A New Level of Interfaith Understanding

By Elisha Sauers

Published February 02, 2007, issue of February 02, 2007.
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Though Reform rabbi Andrew Bossov and Methodist reverend Karen Onesti may have their theological differences, they can now claim at least one vital bond. Bossov, 47, successfully received one of Onesti’s kidneys during an urgent January 23 organ transplant at the University of Pennsylvania Hospital. Both patients are now back in their hometown of Mount Laurel, N.J., recovering.

“Needless to say, we’re very close now,” Bossov told The Shmooze.

This week marks the one-year anniversary of the fateful conversation that would begin their journey to the operating room. At a Greater Mount Laurel Interfaith Association meeting, Onesti, 49, noticed that several other clergy were asking how Bossov was feeling. Wondering if her colleague had been ill, she inquired about his health. He told her he was on a waiting list for a kidney transplant.

“She said: ‘Well, you know what? I’ll give you one of mine.’ I wasn’t asking, because, at the time, there were more family members to exhaust who had not yet been tested,” Bossov said. “Later that night, she had a discussion with her husband, and the very next day she called me and said, ‘Okay, what do I need to do?’” At best, Bossov and Onesti were friendly acquaintances. But over the course of the year, after overcoming some setbacks — the reverend underwent a hysterectomy during the summer, which temporarily complicated her ability to get clearance for the surgery — they would become friends as well as partners in the effort to educate the community on live-organ donation.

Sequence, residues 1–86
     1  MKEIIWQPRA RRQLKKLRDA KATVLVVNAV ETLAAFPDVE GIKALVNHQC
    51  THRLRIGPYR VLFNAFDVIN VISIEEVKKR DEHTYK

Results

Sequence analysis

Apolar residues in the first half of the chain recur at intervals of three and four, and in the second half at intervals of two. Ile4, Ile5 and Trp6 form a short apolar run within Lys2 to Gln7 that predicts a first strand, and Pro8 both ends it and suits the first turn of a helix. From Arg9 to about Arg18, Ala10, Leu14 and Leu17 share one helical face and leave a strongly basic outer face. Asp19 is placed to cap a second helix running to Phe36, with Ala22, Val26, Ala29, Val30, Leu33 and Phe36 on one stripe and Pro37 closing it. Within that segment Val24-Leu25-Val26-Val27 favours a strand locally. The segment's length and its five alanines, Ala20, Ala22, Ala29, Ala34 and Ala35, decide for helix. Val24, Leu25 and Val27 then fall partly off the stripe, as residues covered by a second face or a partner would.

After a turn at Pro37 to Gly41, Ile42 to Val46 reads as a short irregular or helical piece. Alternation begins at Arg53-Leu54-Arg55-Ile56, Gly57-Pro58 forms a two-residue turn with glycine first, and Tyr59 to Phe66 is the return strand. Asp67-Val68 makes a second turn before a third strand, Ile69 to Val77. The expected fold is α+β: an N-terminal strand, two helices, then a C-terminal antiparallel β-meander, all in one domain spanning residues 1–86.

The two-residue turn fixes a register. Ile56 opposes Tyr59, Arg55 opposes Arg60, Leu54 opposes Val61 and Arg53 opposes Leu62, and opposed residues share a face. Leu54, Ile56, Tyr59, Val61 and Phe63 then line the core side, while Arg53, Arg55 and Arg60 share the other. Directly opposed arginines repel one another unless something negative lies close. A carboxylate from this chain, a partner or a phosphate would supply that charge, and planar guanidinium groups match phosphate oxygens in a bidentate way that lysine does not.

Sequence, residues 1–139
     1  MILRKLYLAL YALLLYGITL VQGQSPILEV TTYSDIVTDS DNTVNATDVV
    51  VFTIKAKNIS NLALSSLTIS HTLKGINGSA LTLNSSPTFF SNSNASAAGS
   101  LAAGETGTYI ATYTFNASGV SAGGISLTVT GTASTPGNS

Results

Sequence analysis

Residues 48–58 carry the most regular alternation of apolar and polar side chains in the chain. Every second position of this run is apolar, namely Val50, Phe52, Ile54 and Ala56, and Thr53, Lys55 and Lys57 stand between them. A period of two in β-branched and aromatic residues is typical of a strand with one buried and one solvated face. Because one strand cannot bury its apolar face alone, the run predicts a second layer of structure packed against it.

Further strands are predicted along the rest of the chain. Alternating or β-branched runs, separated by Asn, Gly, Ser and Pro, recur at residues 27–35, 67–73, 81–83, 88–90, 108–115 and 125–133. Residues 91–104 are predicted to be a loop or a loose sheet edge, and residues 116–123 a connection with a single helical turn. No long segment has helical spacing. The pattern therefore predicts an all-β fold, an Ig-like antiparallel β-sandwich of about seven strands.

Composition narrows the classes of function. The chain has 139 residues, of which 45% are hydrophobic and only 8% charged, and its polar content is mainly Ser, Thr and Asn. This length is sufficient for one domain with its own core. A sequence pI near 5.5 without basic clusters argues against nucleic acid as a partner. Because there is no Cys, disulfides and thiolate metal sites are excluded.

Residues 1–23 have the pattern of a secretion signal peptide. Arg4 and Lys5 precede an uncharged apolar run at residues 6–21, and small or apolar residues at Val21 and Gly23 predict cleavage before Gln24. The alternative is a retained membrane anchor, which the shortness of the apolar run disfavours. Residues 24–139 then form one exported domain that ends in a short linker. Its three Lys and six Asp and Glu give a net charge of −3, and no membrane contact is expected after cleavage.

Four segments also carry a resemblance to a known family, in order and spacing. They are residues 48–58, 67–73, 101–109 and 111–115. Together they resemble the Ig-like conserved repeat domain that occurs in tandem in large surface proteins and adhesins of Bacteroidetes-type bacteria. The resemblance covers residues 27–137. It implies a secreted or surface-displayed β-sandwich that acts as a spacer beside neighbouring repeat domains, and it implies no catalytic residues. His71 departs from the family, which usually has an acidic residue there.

Bossov has worked to convince Jews that, according to some halachic authorities, organ donation is permissible. Indeed, Bossov’s congregation, Adath Emanu-El, was active in drawing attention to the issue even before its rabbi’s need for a transplant arose.

The clergy have been amazed by the media response to their situation, but they are more than willing to exploit the attention to help deliver their message. “Despite hearing about so many conflicts about religion in the world, there are positive things, too,” Bossov said. “And as long as we have our five minutes in the spotlight, we want to promote donation as much as possible.”






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